Great Neck voters to decide on $234.4M school budget

Great Neck voters to decide on $234.4M school budget
About 80 percent of the Great Neck school budget will be going toward programming, which primarily consists of personnel costs. (Photo courtesy of Great Neck Public Schools)

Voters in the Great Neck school district will be heading to the polls May 21 to decide on a proposed $234.4 million school budget and a school board trustee as well as a $9.65 million budget for the Great Neck Library.

This proposed district budget for the 2019-20 school year amounts to just shy of $234.42 million, or about 1.99 percent higher than the current $229.84 million budget.

This comes with a proposed tax levy increase of just under $3.95 million, or 1.94 percent, from $203.57 million to just under $207.52 million. The rest of the district’s funding comes from a combination of appropriated reserves, state aid and other revenue sources.

The district could have increased the tax levy by up to 4.09 percent due to a combination of high capital project expenditures, changes to the tax base and other factors.

“We must be sensitive to the tax impact of our school district budget on our community members, who are also facing federal tax changes and Nassau County reassessments,” Assistant Superintendent for Business John Powell said.

Great Neck’s average tax rate per $100 of assessed value for a class I residential home was 679.244 for the 2018-19 school year, making it the fifth lowest rate among Nassau County’s 62 public school districts, according to the proposed budget.

The listed tax rate of 710.92 per $100 of assessed value on the district’s property tax calculator, used to estimate the tax difference from year to year, is incorrect and will be corrected so people can more accurately see the difference, Powell said.

“They need transparency,” Powell said. “They need to know.”

The estimated tax rate per $100 assessed value is going to be $719.47 per $100 of assessed value – a nearly 40-point difference stemming from changes with the Nassau County reassessment process, Powell also said.

About 80 percent of the budget goes toward programming, which includes teacher salaries, benefits, instructional materials and other items. The rest goes toward capital expenditures – unrelated to projects pertaining to a $68.3 million bond – and administration costs.

Officials say this budget will support ongoing programs, add teaching positions to handle rising enrollment, and add staff to support English as a New Language and special education services. It also comes with a roaming nurse, two guards, and expands the universal pre-K program to John F. Kennedy Elementary School.

“With this proposed budget, our students will continue to receive the innovative instruction that has established the Great Neck Public Schools as a premier school district on Long Island, in the state and in the country,” Superintendent of Schools Teresa Prendergast said.

If one were to divide the total budget by the projected 6,671 students, the Great Neck school district would be spending $35,140 per student. School officials in the past have said this is an inaccurate figure, however, as it does not incorporate other operating expenses.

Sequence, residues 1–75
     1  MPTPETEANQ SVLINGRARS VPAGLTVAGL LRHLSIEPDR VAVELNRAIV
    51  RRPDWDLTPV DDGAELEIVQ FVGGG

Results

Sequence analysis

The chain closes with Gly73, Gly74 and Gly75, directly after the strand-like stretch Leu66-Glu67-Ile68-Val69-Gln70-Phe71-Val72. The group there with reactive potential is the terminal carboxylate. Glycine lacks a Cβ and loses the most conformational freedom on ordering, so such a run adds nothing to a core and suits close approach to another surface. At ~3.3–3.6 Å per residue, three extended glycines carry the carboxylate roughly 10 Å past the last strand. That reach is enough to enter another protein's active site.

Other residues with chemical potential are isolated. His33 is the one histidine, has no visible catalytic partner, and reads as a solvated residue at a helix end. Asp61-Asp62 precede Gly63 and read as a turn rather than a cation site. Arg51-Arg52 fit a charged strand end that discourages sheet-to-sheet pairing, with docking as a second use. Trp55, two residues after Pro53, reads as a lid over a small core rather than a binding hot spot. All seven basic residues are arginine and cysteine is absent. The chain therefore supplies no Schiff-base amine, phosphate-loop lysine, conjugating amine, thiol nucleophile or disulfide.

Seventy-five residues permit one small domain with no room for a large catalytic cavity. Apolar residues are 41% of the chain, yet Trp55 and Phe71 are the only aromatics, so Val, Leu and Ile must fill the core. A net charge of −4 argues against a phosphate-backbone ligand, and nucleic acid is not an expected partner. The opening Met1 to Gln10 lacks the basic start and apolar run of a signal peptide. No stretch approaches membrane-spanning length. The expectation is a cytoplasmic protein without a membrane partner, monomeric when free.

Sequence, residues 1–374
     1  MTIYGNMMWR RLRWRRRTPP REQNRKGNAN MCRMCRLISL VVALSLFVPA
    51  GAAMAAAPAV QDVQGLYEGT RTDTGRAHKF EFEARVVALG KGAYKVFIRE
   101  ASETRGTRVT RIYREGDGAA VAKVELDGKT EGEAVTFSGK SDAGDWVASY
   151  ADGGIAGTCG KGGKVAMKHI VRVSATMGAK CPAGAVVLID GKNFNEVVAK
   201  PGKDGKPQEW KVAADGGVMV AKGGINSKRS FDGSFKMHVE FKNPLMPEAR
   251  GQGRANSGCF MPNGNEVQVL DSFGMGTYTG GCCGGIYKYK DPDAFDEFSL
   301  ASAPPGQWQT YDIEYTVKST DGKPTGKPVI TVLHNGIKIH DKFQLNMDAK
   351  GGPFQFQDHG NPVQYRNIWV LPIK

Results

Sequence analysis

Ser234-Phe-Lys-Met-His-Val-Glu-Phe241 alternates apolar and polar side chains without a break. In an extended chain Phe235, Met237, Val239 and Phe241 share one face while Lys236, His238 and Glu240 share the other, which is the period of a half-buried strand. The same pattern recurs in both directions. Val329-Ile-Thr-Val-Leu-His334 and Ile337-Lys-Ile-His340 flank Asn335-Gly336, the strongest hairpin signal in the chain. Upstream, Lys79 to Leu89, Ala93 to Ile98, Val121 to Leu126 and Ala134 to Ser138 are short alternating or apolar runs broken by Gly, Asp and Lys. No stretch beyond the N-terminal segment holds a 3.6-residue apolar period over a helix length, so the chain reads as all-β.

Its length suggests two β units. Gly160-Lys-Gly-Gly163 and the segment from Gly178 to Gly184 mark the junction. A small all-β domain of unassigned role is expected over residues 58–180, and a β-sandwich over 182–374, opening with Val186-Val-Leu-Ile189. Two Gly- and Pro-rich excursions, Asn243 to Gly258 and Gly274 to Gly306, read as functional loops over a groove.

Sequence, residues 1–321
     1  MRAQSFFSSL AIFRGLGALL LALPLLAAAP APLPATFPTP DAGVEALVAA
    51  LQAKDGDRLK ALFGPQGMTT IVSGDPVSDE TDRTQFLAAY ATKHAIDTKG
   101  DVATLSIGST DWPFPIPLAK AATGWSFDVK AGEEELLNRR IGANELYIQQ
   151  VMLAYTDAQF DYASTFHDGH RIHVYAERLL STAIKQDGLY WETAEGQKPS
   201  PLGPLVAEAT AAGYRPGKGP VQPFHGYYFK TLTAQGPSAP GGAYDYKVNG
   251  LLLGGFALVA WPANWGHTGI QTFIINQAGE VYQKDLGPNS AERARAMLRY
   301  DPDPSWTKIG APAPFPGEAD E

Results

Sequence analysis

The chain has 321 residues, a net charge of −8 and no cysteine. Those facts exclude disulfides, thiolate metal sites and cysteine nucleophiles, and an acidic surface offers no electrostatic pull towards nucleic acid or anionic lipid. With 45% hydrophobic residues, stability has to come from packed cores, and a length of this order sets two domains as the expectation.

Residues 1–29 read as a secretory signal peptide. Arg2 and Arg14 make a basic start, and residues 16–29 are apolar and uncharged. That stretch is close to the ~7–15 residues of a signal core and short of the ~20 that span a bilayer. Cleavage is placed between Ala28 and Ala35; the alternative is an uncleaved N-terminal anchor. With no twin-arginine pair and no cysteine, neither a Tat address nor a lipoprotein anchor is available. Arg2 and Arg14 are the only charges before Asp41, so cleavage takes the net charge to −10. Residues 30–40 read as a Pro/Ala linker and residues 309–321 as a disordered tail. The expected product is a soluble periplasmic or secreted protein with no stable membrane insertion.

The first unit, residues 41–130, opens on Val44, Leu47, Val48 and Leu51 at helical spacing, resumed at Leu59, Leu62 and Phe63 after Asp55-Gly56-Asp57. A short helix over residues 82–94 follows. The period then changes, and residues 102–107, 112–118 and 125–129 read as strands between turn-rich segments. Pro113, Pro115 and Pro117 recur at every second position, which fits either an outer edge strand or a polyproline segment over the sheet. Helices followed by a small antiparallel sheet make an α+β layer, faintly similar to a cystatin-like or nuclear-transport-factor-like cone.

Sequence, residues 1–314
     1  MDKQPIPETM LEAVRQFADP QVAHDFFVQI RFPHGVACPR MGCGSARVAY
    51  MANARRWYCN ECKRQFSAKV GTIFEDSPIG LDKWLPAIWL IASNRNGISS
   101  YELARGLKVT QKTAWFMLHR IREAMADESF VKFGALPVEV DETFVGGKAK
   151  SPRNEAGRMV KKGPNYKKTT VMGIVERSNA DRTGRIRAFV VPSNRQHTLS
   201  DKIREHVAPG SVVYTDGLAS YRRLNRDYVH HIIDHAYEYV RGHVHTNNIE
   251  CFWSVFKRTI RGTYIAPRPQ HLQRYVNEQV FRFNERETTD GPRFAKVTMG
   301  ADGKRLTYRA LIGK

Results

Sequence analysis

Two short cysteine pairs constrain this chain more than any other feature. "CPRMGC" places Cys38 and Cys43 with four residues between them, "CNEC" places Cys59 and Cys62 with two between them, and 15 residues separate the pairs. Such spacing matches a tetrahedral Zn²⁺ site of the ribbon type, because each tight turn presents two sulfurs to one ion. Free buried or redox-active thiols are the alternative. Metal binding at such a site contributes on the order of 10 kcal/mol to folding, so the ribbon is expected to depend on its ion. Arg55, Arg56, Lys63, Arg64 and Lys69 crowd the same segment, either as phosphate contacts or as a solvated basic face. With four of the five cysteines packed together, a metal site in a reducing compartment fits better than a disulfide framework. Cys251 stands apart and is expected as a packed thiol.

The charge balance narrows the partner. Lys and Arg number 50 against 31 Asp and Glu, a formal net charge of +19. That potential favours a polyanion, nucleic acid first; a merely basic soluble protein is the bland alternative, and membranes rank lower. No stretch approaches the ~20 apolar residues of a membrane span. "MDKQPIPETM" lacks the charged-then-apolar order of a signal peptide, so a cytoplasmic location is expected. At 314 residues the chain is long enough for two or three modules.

Among those expenses are maintaining the 18 buildings under district ownership and the more than $5 million the district gives to private schools for nurses, psychological services, textbooks, and transportation.

Powell said the estimated cost per pupil for the 2018-19 school year in the standard educational curriculum for kindergarten to sixth grade is $16,631 – $801 higher than the year before. For special education students in the same grades, that number is estimated at $76,720, which is $2,094 higher than in the 2017-18 school year.

The estimated cost per pupil in the standard curriculum for grades 7 to 12 is $24,698, up $1,342 from the 2017-18 school year. For special education students in the same grade bracket, the cost is estimated to be $84,787 per pupil. This is about $2,625 higher than last year.

Donna Peirez, the school board’s policy committee chairwoman, is also running for re-election uncontested. She was first elected in a special election in 2016 after nearly 30 years as a teacher in Lakeville School and holding several leadership positions in parent and teacher organizations, according to her online biography.

The elections are being held as the Great Neck schools plan to embark on $42.5 million worth of bond projects over the summer, a major chunk of the $77.84 million to be spent on “critical” infrastructure projects and educational and building enhancements.

Voters approved a $68.3 million bond in 2017, to be paid back over two decades, to help finance the projects. The rest of the money comes from district borrowing.

On May 21, voters will also be able to decide on the Great Neck Library’s proposed $9.65 million budget, which does not feature a tax increase. It is about $4,000 lower than the current operating budget.

The budget supports the operation of the Main Library, located at 159 Bayview Ave., and its three branches: Station in Great Neck Plaza, Lakeville near the Queens border, and Parkville in North New Hyde Park.

Elections will take place on Tuesday, May 21, from 7 a.m. to 10 p.m. There are four polling locations: E.M. Baker School, Lakeville School, Saddle Rock School, and South High School.

Voters can find their assigned polling place by visiting

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